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Monday, May 21, 2012

London Plagued (1 of 6 or 7)

This essay while slightly off track here still has a message for today. It was written about 50 years ago but draws from much earlier historical records.

"To the Puritans the city of London was the fairest city upon earth. They loved the very appearance of that square mile of cobbled, winding, streets, with their gabled, rough-cast and timbered houses - the upper stories projecting crazily outwards and the steeply-pitched red roofs reaching skywards. It was still, at the time of the Restoration of Charles II, a city enclosed by high and solid walls, but higher than the walls there stood out against the skyline a hundred church towers and spires, for London's churches were three times as numerous as those of any other city in the world. From the southern bank of the Thames the panorama of old London gave the seventeenth century artist fine scope for his skill: the houses crowding down to the very water's edge, the single ancient bridge with its nineteen stone arches and the river itself busy with "wherries" carrying passengers to Westminster and Vauxhall and with stoutly built vessels - the pride of England's craftsmen - home from almost all points of the compass. Thomas Brooks considered the Italian proverb about Venice far more applicable to England's capital, "He who hath not seen it will not believe, and he who hath not lived some time there doth not understand what a duty it is".

London was the centre of England in every sense - law, finance, commerce, shipping and, what we would tend to overlook, industry - were all then centred in the city. The finest shops and the busiest crafts were all there. Coopers, tanners, dyers, vintners, printers, these and many another trade made the city thrive with activity.

The old walls had never been built to contain the near half million people who now made London their home and the out-parishes which clustered around the two miles of wall were already in most cases densely over-crowded. Nor had the streets, with no pavements, been meant for the wheeled traffic that in Restoration times was harassing shop-keepers, pedestrians and drivers alike. Pepys mentions how his coach-driver one day knocked two pieces of a butcher's meat flying into the dirt and such incidents were evidently not uncommon sights. But these were just some of the signs that London was prospering, and with her prosperity was bound up the fortunes of the nation for no other English city had any comparable importance. Norwich, the second largest city in the land, had a population of no more than 30,000, and Bristol, which came third, only some 25,000. Probably about one in every fourteen people in Britain lived in London. "Was not London the glory of England?" Brooks was later to ask, "Was not London England’s treasury and the Protestants' sanctuary? Was not London as terrible to her enemies abroad, as she was joyous to her friends at home?"¹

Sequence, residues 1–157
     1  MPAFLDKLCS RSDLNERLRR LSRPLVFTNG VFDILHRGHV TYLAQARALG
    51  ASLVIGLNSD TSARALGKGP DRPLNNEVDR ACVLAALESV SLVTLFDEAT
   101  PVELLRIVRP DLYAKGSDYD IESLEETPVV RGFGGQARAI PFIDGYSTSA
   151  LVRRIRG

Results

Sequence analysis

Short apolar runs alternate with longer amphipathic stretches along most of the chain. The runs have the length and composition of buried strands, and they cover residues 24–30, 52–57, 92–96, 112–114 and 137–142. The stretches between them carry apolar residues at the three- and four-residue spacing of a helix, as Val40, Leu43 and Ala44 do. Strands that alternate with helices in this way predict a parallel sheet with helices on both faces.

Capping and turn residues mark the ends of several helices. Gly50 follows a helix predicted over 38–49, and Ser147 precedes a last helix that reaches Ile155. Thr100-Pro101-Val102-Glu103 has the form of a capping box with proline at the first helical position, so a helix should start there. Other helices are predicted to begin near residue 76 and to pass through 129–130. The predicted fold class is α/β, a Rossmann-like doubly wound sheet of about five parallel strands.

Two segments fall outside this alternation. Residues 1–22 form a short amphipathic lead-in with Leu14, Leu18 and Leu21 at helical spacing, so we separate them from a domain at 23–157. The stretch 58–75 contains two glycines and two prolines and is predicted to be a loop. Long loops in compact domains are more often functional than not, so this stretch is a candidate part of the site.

Thursday, the 24th of August, 1665, came as had so many days of the weeks gone by, hot and cloudless. The weather of the past months had been not simply abnormal but phenomenal; apart from the times when breezes had stirred the motionless vanes on the Church spires the city had known days of sweltering heat and except for one fall of rain earlier in the month there had been no rain at all since April; "the driest summer that ever man have knew, or our forefathers mention of late ages", wrote Richard Baxter. Approaching the City from the south we would pass through meadows brown, dry and "burnt like the High-ways", into what had been the busy suburb of Southwark; there in the river-side parish of St. Olave by London Bridge, one of the Puritan ministers, John Allin, was busy writing to friends at Rye where he had ministered until 1662. We can hear part of his letter before we cross the Bridge into the City: "August 24 - I am, through mercy, yet well in the middest of death, and that, too, approaching neerer and neerer; not many doores off, and the pitt open dayly within view of my chamber window. The Lord fit me and all of us for our last end!"²

That morning the water of the rapids was tumbling through the arches of the old Bridge with an arresting distinctness for there were few other sounds to break the stillness which hung over the City. The wherries were mostly tied up and deserted at the landing stages, shop-keepers no longer called their wares, traffic no more struggled to get through jostling pedestrians and even the church bells - as though hoarse with continual tolling - were growing silent. The City gates were guarded, not to keep people out (for that there was no need) but to keep people in. Once it had become evident that London was in the grip of bubonic plague there had been such an exodus of both the well and the infected that in the second week of June it was announced that none could leave without a certificate of health signed by the Mayor. Having crossed the old Bridge we would immediately pass St. Magnus Church - memorable for the ministry of Joseph Caryl which had ended at the Great Ejection of 1662 - and if we climbed Fish Street Hill we would soon be in the heart of the London the Puritans loved.

More soon.

Sam Drucker


1. Complete Works of Thomas Brooks, Vol 6, p. 165. (Nichol's edition 1866-67.)

2. Quoted in The Great Plague in London in 1665 by Walter G. Bell (1924) p.259.

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